Bridge rectifier more or less efficient than single diode half bridge? SOLVED

The voltage source is 12V RMS 60Hz.

  1. Which circuit is more efficient? Why?
  2. Which circuit will the lamp be brighter?
November 18, 2016

2 Answers

Answer by mikerogerswsm

Bit of a trick question, really, because incandescent lamps aren't resistors, they have baretter action and adjust their resistance to run at more or less constant temperature over a range of voltage inputs. There is no need for the capacitor, lamps do not need smooth dc, they are perfectly happy to run on full wave or half wave rectified ac. Use of a Schottky diode is overkill, any old 1N4000 series diode will do. The energy loss in the diode drops is negligible at this sort of voltage. In your circuits you will need 18V lamps. Without the capacitors you will need a 12V lamp for the full wave rectified circuit and a 6V lamp for the half wave rectified circuit. On 60Hz supply the half wave circuit may produce perceptible flicker and reduced lamp life. On 50Hz (as used in third world countries) the flicker will be more pronounced.

ACCEPTED +2 votes
by mikerogerswsm
November 21, 2016

Great points! I interpreted it more as a homework question to "drive this load" rather than a lamp, but yeah incandescent lamps are full of their own weirdness.

by mrobbins
November 21, 2016

wow thanks -- I didn't think about different lamp voltages too.

November 21, 2016

Answer by mrobbins


Your circuit #2 will be "more efficient" in terms of a smaller fraction of V1's power being "wasted" in the AC-DC conversion. The reason is that in the bridge rectifier, there are always two diode drops in series with charging the capacitor.

Can we quantify it? How much more efficient? I used your circuit and plotted P(V1), P(V2), P(BR1), P(D1), P(LAMP1), P(LAMP2), and did it from $t_1=\frac {1} {60}$ to $t_2=11 * \frac {1} {60}$. Then I summed over the time period (right click on graph, click "Show P(BR1) integral" etc. The totals I got (for 10 AC cycles) were:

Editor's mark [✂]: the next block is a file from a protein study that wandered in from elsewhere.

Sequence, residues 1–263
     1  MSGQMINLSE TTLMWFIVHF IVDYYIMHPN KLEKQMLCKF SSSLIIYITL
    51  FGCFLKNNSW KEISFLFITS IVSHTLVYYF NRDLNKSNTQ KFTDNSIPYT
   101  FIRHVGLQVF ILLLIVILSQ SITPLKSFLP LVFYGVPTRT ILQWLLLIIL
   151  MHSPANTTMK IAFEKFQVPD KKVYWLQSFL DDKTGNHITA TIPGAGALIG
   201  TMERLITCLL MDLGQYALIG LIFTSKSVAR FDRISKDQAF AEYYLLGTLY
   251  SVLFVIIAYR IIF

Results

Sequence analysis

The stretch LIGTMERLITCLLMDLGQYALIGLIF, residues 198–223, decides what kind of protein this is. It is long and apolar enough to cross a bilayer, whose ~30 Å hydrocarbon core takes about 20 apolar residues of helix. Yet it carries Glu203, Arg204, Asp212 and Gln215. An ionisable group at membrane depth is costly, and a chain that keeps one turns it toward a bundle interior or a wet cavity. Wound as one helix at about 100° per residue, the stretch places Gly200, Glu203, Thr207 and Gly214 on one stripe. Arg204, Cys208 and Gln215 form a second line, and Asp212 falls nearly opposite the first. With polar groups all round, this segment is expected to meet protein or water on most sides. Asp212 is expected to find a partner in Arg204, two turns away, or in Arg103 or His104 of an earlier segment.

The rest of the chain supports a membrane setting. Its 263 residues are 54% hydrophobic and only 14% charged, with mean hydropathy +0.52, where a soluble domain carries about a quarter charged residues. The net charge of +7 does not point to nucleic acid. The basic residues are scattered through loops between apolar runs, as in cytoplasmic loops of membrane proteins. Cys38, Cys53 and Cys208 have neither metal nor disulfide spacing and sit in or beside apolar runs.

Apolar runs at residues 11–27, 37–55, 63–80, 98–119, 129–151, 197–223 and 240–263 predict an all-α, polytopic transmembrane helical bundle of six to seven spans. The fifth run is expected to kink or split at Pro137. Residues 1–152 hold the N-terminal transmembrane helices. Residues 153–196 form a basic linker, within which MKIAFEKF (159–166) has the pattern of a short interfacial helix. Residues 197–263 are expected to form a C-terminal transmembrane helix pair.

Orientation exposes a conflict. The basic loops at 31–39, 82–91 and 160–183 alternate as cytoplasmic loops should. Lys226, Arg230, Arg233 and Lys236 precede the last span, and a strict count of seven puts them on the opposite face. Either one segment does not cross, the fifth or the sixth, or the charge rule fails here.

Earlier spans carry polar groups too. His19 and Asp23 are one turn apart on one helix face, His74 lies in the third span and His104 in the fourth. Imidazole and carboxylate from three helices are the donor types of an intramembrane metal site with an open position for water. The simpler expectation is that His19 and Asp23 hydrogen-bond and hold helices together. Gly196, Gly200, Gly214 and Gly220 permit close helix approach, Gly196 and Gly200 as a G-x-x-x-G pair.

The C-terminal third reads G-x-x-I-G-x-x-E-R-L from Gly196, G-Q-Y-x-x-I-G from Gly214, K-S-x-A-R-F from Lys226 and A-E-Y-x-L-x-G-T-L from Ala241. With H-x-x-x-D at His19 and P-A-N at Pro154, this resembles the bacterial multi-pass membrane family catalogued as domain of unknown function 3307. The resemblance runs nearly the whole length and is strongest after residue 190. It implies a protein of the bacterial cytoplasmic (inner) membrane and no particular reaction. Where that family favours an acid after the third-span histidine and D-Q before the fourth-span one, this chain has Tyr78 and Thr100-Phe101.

$$\int_{t_1}^{t_2} P(V_1) dt = -1.785 J$$ $$\int_{t_1}^{t_2} P(V_2) dt = -1.249 J$$ $$\int_{t_1}^{t_2} P(BR_1) dt = 244.7 mJ$$ $$\int_{t_1}^{t_2} P(D_1) dt = 60.55 mJ$$ $$\int_{t_1}^{t_2} P(LAMP_1) dt = 1.513 J$$ $$\int_{t_1}^{t_2} P(LAMP_2) dt = 1.157 J$$

Note that the powers of the sources are negative because power is flowing "out" of the elements, rather than into them.

If we define the "efficiency" to be the energy delivered to the lamp divided by the energy delivered by the source, then:

$$\eta_1 = \frac {\int_{t_1}^{t_2} P(LAMP_1) dt} {-\int_{t_1}^{t_2} P(V_1) dt } = \frac {1.513 J} {1.785 J} = 0.848 = 84.8\%$$

$$\eta_2 = \frac {\int_{t_1}^{t_2} P(LAMP_2) dt} {-\int_{t_1}^{t_2} P(V_2) dt } = \frac {1.157 J} {1.249 J} = 0.926 = 92.6\%$$

So this confirms that circuit #2 is more efficient than circuit #1. Nice!


Let's assume "brighter" just means "more power delivered to the lamp." In that case we just compare the two energy amounts calculated above, and it's clearly circuit #1. How much brighter?

$$ \frac {1.513 J} {1.157 J} = 1.31$$

LAMP1 will be about 31% brighter than LAMP2.

Very interesting question and engineering tradeoff!

+1 vote
by mrobbins
November 20, 2016

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